The Editing Process

Take Charge of Your Author Career

by Megan Haskell

For the past nine months—maybe more—I’ve been working on the first book in a new epic fantasy trilogy. Though related to The Sanyare Chronicles, this story is far bigger, with multiple point-of-view characters, grand political stakes, military strategy, scheming politicians, and a sprinkling of spies.

Oh, and did I mention that it’s the same universe, which means there are characters and plot points that crossover between series?

Or that the first book is the longest I’ve ever written at over 105k words?

It’s epic in every sense of the word.

Needless to say, this one requires an eye for detail and careful editing to make sure everything works.

My Editing Process, in Brief

After four novels, a novella, several short stories, and a non-fiction book, my editing process has become relatively well-refined.

  1. Rough Story – I write as fast as I can from start to finish. As much as possible, I try to avoid editing.
  2. First Draft – I personally re-read the entire story from start to finish and make a first pass at edits. At this stage, I’m mostly concerned with story structure, plot holes, and character motivations/consistency.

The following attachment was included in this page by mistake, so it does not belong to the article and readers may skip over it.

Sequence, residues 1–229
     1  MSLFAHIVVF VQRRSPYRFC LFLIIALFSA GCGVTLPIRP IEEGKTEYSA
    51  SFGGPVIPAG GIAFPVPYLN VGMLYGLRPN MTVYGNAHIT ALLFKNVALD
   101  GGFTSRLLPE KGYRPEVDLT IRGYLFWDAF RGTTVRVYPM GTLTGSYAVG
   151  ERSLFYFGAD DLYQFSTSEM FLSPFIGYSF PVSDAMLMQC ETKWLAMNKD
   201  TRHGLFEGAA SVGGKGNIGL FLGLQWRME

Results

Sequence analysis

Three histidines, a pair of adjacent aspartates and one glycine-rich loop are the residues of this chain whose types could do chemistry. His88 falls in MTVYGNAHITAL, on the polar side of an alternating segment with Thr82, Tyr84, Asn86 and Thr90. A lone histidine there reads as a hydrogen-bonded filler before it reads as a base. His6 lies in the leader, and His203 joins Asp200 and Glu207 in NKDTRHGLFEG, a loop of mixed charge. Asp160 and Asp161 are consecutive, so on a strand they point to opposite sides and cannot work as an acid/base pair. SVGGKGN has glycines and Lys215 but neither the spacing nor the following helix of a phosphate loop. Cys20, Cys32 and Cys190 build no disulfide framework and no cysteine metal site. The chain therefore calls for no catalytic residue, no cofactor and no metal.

3. Alpha Reader Review – My editor/little sister, Kim Peticolas, gives the book a quick read-through. She’ll tell me where the pacing is off, or something is missing, and also help brainstorm initial ideas for making it better.
  4. Second Draft – I once again personally re-read the entire book from start to finish, incorporating my alpha reader’s comments and also making more significant changes of my own. Usually at this point I’ve had enough time away from the manuscript that I’m looking at the overall story with fresh eyes.
  5. Beta Reader Review – I send the book to a group of beta readers chosen from writer friends, fans, and past critique partners. They generally fall into three categories, and may receive the book at different points in the editing cycle, depending on their strengths. There’s usually some crossover, but I typically look for these skillsets:
    1. Group 1 – Plot Hounds: look for structure, pacing, character, or other big picture problems.
    2. Group 2 – Detail Detectives: look for consistency errors both within the current work, but also in comparison with my other books.
    3. Group 3 – Typo Hunters: usually the last group to go through the manuscript, they help find the last typos before sending to my copyeditor or publishing.
  6. Third Draft – This may actually be multiple passes on the book, but this is where I incorporate all the feedback from the beta readers and any final changes I want to make before sending it off to…
  7. Copyedit – Where the real spit-polishing happens. At this point, the story is solid, the characters are well-defined, and all the right pieces are in place at the right times. We’re ready to make the words shine and bring out the sparkle in the prose.
  8. Final Draft – Incorporates all of the copyediting changes. Usually very quick and easy by this point.